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React CORS Guide:
What It Is and
How to Enable It


StackHawk|July 12, 2021

This is a brief guide on what CORS is and how it works. See it in action and learn how to enable CORS in a React application.

Developers have struggled with CORS for longer than they should. This is because it's a tricky concept to grasp, especially for new developers who are working with third-party APIs from their single-page applications on React, Angular, Vue, etc.

In this post, I'll help you understand CORS from the ground up. I'll set up a sample React app and an Express server to demonstrate how and why CORS errors occur. I'll also show you how you can deal with it in general and in a React application.

CORS Explained

CORS stands for cross-origin resource sharing. Just like HTTPS, it's a protocol that defines some rules for sharing resources from a different origin. We know that modern web apps consist of two key components: a client and a server. The client requests some data from the server, and the server sends back data as a response.

React CORS Guide: What It Is and How to Enable It image

Client-server request response.

This architecture is popular these days because it allows your back end to be used independently across multiple clients like a web app, a desktop GUI, or a native application.

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The Same-Origin Policy

Since the client and server are separate applications, they're usually hosted on different domains. Therefore, your own client that's requesting data from your own server might have different origins. In another scenario, you might use some third-party services for authentication, analytics, etc. The bottom line is that at some point you are going to interact with an application with a different origin than yours. This means you're going to request resources from the application by making an HTTP request.

React CORS Guide: What It Is and How to Enable It image

Browser's same-origin policy.

When you request a resource from an application of a different origin, the web browser uses an SOP (same-origin policy) protocol to block all your requests to that origin. Back in the day, this is what made the Internet secure! For instance, a malicious cracker or hacker from wouldn't be able to access your information on However, this underlying security rule governing browsers does not allow you to request a resource from a different origin. That's a common use case widely used across web apps today. So what's the solution?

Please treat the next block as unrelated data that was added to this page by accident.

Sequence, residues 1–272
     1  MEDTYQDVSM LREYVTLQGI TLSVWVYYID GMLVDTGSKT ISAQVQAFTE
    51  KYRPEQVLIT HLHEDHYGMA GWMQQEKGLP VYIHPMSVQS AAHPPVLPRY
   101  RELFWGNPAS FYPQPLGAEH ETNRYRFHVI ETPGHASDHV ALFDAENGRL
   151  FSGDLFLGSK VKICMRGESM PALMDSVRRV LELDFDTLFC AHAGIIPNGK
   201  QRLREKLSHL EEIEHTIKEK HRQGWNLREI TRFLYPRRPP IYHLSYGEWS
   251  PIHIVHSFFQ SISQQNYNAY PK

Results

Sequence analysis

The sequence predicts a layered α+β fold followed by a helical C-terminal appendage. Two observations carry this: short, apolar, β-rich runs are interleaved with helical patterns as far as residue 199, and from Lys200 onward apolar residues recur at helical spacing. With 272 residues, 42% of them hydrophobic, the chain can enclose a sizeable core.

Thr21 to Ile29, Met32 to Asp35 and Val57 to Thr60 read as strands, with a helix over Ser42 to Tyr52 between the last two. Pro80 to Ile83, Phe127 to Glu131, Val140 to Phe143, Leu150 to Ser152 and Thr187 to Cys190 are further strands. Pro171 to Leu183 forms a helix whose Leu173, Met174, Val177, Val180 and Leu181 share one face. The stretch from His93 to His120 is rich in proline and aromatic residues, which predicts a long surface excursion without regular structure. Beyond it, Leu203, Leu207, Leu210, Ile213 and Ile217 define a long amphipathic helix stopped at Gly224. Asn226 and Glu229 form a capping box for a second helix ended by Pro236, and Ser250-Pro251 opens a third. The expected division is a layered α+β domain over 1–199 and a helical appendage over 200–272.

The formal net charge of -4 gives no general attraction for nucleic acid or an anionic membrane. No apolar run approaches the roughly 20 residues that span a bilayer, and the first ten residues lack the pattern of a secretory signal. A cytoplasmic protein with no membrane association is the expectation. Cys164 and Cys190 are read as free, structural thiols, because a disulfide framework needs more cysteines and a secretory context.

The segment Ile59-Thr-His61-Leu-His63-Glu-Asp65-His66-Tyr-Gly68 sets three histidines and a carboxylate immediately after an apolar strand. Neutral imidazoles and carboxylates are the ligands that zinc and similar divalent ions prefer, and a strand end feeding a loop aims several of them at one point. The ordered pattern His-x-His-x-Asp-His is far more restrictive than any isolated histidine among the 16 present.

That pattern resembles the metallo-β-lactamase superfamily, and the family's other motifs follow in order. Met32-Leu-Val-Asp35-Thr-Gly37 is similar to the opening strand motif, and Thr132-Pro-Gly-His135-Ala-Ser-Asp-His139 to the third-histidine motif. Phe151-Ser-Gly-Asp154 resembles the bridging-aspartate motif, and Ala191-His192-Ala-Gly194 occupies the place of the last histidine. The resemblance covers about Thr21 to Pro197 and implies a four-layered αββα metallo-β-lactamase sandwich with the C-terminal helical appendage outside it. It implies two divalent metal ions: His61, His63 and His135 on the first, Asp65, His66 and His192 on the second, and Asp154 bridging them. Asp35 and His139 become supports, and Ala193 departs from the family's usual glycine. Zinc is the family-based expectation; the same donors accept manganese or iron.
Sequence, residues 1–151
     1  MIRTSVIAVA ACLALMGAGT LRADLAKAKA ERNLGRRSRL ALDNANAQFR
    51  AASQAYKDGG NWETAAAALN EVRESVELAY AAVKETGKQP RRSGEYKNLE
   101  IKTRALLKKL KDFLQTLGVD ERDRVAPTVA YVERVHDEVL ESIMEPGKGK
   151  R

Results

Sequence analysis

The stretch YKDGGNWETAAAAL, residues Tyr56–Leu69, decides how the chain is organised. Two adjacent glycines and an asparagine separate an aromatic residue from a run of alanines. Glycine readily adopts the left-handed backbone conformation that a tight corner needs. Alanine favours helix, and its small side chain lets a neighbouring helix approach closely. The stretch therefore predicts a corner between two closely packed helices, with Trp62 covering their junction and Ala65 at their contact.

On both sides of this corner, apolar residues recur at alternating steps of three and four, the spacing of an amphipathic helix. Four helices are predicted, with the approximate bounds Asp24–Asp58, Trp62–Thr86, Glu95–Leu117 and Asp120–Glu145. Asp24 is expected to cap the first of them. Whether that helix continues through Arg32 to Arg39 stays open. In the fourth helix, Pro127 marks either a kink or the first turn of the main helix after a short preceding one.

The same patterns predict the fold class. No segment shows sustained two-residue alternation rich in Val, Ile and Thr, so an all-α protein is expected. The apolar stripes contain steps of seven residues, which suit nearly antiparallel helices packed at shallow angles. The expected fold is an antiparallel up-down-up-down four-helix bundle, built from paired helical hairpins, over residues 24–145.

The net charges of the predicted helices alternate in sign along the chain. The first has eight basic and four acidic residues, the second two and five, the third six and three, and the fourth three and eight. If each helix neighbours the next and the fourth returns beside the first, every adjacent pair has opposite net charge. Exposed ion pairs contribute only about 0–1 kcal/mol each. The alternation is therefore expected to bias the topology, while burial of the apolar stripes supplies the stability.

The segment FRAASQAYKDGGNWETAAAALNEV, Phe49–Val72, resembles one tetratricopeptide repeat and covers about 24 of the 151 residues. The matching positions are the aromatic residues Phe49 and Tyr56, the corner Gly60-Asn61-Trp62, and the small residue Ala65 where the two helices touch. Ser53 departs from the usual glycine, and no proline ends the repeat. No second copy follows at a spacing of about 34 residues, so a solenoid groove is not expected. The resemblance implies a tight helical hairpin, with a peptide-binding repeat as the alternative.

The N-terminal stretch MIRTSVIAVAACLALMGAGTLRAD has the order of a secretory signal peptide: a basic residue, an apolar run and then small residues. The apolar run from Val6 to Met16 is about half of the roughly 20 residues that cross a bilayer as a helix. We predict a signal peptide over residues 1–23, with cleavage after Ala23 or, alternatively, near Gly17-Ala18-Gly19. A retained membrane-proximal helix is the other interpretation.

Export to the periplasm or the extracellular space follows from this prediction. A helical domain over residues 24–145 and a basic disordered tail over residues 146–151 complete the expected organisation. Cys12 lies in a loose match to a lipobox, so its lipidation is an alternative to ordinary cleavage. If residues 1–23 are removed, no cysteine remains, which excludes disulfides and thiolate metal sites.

Enter CORS

CORS enables you to access a resource from a different origin. It is used to override your browser's default behavior due to SOP. So now when your client requests a resource, the response will additionally contain a stamp that tells your browser to allow resource sharing across different origins.

React CORS Guide: What It Is and How to Enable It image

Client-server request response with CORS enabled.

Once your browser identifies this stamp, responses for requests from different origins are allowed to pass through. That's precisely what CORS is, and I hope you understand enough to see it in action. If you wish to learn more about it, here's a detailed guide that may help you out. 

Create Express Server With API Endpoints

In order to enable CORS, you need to create 

  • A client that can request resources from a server

  • A server with some endpoints that can send a response back to the client

Needless to say, both client and server should be running on different domains or have different origins. We can use React to create a simple client that requests resources from a server. However, we first need a server that can serve as an endpoint the client can request a resource from. 

Let's create a simple server using Express with some API endpoints. Inside the directory of your choice, run the following command:

mkdir cors-server && cd cors-server 

You should now have an empty folder named cors-server. Let's initialize a new npm project inside it by running 

npm init -y 

You should now have a package.json file inside the project. Great! Let's install Express, a lightweight NodeJS framework for creating web applications.